President of Estonia calls for governmental and administrative reform

  • 2015-03-31
  • from wire reports and TBT staff, TALLINN

The Estonian President, Toomas Hendrik Ilves, said on Monday during the inaugural session of the new Riigikogu (Estonian Parliament) that the time is ripe for governmental and administrative reform in Estonia and the parliament taking its oath of office today and the cabinet, which will also soon do so, has its work cut out.

Ilves noted in his speech that this session marked a major milestone, as in the years prior to the occupation, Estonia managed to elect only six parliaments; while the parliament taking office today is the seventh Estonia has had since regaining independence.

But Ilves also addressed a number of flaws he believes afflict the Estonian political system: "unfortunately, Estonia's current political climate is rife with politicking, populism in the bad sense of the word, and saving one's own skin. There's too much excessive, profligate legislative drafting. The state budget process has become more bureaucratic and rigid. Often, ill-considered decisions are being made just to curry favour. This also includes arguments about things that aren't worth arguing about, while issues that do deserve more discussion are quietly rubber-stamped on through," Ilves said.

"I hope that the election coalition currently being formed will be unanimous about this: laws are a means to an end, not an end in itself. Rewriting laws just for their own sake will not help address people's concerns," Ilves stressed.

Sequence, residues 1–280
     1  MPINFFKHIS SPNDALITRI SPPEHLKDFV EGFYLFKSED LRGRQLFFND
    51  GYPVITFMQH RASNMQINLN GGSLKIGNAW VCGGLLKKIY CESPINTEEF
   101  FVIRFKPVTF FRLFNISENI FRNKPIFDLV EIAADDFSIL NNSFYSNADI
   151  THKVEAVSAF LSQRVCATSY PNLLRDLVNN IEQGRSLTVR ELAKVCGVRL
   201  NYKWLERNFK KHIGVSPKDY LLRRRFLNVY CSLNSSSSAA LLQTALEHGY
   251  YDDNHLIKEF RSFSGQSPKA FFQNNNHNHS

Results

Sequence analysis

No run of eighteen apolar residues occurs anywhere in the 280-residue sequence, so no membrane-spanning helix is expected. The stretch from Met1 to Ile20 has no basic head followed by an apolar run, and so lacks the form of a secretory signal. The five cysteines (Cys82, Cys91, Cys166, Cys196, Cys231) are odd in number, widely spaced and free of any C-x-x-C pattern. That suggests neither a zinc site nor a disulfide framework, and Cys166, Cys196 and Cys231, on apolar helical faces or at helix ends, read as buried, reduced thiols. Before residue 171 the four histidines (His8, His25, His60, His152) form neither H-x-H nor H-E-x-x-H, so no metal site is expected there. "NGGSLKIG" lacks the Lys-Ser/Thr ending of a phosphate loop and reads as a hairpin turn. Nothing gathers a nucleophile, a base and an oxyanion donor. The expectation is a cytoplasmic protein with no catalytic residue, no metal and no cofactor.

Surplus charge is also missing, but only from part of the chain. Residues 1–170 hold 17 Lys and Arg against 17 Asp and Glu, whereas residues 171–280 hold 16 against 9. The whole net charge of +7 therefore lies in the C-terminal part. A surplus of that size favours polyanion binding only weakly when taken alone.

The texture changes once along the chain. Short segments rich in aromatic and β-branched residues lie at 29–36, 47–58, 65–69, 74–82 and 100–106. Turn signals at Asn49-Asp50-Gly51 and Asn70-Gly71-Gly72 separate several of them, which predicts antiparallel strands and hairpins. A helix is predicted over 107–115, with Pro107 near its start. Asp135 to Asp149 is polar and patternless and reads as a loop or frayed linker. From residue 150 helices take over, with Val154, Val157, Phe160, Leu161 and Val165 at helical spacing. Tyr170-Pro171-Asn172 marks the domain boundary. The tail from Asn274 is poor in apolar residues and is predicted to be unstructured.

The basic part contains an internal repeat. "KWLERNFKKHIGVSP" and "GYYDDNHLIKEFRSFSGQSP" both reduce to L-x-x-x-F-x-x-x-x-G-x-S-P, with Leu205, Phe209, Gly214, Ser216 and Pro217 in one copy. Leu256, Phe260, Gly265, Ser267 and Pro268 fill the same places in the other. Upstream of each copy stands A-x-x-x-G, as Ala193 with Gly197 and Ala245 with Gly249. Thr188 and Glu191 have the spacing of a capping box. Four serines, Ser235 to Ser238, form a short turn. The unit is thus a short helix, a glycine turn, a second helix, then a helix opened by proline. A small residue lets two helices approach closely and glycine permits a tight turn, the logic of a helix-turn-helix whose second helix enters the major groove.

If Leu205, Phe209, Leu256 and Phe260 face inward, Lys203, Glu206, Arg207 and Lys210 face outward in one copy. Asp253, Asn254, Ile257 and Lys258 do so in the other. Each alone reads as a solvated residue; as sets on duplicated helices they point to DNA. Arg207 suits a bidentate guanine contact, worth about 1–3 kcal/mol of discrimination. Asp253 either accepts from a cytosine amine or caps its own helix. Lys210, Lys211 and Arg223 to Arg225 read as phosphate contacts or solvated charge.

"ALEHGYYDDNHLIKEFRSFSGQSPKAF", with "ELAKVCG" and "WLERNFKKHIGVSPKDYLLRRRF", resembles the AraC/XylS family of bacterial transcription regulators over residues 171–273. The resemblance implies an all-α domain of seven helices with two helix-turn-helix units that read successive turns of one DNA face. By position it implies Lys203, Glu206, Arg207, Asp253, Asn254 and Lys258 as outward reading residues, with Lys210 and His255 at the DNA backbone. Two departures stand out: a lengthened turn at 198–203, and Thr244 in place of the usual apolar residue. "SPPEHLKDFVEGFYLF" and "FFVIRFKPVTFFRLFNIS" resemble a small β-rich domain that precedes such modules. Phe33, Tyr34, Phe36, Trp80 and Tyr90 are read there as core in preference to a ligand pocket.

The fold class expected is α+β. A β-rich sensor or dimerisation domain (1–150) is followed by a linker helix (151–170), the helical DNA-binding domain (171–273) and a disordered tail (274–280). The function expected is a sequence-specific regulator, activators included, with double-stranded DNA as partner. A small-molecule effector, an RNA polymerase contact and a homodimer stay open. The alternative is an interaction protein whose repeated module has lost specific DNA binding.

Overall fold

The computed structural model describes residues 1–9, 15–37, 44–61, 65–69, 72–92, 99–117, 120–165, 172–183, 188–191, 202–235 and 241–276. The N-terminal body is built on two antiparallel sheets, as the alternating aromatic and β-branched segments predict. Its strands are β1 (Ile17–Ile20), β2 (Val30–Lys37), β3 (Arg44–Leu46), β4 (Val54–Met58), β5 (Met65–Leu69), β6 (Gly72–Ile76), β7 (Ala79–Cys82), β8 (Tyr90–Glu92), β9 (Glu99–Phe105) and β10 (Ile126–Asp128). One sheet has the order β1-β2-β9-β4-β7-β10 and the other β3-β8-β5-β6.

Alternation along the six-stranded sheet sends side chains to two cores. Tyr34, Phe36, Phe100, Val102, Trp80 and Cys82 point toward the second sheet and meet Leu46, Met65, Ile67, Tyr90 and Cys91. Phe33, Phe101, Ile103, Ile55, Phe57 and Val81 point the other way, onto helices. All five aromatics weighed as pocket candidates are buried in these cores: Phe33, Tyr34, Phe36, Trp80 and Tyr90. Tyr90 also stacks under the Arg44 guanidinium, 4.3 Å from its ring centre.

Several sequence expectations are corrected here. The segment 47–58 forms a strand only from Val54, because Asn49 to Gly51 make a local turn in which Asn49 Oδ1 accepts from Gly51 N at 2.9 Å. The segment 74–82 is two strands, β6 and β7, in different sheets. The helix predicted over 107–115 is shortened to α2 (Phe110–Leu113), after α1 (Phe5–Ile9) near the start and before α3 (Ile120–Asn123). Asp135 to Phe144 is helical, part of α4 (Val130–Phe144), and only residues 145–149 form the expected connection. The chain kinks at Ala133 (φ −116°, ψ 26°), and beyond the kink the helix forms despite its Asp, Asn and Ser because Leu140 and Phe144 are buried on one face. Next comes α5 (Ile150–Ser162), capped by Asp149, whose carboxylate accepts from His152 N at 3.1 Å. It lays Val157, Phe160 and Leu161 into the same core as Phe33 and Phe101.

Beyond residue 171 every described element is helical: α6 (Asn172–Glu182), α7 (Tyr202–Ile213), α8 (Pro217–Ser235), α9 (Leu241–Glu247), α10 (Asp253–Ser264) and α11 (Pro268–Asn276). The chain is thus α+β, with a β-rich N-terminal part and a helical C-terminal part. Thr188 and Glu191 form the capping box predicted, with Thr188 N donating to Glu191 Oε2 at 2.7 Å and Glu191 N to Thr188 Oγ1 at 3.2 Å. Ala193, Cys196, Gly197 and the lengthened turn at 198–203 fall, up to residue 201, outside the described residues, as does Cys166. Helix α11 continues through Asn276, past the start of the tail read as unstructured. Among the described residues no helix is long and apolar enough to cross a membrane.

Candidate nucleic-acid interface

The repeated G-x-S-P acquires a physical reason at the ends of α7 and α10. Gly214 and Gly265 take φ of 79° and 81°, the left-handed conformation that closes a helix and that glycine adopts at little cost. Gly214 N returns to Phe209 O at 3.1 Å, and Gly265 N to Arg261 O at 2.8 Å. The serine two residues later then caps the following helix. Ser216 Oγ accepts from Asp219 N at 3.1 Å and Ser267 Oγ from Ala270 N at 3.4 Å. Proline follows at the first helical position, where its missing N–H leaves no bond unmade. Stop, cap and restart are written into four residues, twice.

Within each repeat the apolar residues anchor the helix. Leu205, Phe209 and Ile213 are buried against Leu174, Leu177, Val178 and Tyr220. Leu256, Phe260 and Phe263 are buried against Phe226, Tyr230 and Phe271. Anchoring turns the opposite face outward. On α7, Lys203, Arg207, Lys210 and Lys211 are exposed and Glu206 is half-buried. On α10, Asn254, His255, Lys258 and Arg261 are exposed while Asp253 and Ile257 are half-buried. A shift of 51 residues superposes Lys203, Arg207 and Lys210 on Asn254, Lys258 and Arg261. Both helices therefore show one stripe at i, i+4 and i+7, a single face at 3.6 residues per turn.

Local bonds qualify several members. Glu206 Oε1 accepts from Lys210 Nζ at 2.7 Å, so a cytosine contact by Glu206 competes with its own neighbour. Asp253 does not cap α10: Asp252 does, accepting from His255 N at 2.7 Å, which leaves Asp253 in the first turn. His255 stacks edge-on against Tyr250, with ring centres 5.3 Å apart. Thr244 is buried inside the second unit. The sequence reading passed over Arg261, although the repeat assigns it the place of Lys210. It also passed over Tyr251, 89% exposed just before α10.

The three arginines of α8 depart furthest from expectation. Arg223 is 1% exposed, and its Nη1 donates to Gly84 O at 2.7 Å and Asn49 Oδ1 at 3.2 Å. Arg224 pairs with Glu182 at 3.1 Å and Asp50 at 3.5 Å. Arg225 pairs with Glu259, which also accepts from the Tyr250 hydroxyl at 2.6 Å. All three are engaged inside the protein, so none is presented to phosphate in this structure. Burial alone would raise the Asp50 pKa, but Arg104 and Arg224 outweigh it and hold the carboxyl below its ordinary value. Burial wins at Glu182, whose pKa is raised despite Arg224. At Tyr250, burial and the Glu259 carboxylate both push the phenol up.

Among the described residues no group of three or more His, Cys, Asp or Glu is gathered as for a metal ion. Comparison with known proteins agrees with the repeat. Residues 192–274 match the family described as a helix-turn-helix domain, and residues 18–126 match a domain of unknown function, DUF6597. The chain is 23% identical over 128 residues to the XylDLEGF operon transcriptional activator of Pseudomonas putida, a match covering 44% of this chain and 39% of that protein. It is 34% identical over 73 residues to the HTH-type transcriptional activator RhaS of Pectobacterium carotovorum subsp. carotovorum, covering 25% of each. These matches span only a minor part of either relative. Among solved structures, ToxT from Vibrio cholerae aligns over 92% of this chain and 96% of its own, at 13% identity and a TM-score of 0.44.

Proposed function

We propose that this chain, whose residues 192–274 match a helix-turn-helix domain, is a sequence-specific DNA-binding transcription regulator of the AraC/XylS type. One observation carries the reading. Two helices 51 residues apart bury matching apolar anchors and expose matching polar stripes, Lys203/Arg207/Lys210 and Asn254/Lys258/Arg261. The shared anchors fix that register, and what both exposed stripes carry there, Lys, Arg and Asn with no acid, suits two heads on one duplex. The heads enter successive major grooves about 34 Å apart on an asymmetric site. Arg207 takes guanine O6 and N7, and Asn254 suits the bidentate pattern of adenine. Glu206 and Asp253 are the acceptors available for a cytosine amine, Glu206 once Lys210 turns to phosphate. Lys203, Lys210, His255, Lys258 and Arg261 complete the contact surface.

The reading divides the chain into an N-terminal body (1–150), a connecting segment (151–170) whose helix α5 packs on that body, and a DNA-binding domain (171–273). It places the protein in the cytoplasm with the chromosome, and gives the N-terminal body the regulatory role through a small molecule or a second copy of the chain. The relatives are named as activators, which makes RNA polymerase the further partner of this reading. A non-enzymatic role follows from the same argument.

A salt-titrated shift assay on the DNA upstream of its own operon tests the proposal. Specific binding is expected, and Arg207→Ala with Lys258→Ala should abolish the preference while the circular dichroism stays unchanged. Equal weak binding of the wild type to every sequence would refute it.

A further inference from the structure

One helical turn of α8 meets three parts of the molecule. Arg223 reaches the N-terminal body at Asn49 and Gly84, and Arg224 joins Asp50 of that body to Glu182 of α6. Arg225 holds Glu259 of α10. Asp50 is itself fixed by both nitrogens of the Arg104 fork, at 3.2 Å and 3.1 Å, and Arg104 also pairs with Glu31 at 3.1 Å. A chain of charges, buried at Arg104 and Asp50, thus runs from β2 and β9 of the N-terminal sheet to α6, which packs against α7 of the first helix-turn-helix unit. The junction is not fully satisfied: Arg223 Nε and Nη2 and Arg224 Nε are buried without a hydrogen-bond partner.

Ilves called the parliament to tackle the actual real-life problems one by one and look for the best solution, while respecting everyone's opinion. "Anyone can say what not to do, and what could go wrong. Instead, let there be competition between many visions of how to do it and how to succeed," he said, adding that everything should also be explained to the people in an easily comprehensible way.

Ilves said that the implementation of a number of important reforms will coincide with the new parliament's term in office: bringing disabled people back to working life and the new Child Protection Act are just a few examples. He also said that the border treaty with Russia awaits ratification; we need a national defence system built on solidarity and encompassing all of society; members of parliament have the responsibility to keep abreast of topics and international developments related to Estonian security, to the European Union and to information technology. In early 2018, Estonia will hold the presidency of the European Union. That, too, will behove us to demonstrate what a small e-state can do with diligence and agility."

On Monday evening, Ilves signed a resolution to appoint Taavi Roivas as the candidate for the position of prime minister, the president's office announced.

Taavi Roivas is Chairman of the Estonian Reform Party, which won the largest number of seats in the recent Riigikogu elections.

The Head of State said at the meeting with Taavi Rõivas that the formation of a majority coalition must now take place as soon as possible, followed by the conclusion of a coalition agreement, so that Estonia can look to the future with stability. It has been one month since the parliamentary elections were held.

"Should this be a power coalition between the Reform Party, Social Democrats and the Pro Patria and Res Publica Union, the 59 votes that these three parties have in parliament will give you a strong mandate; use it responsibly and with due statesmanship," President Ilves told.

"A majority government is only successful when it secures the support of the people together with that of parliament," he added.

Taavi Rõivas now has 14 days to give a presentation about the principles for the formation of the future government and obtain support for it from the Riigikogu.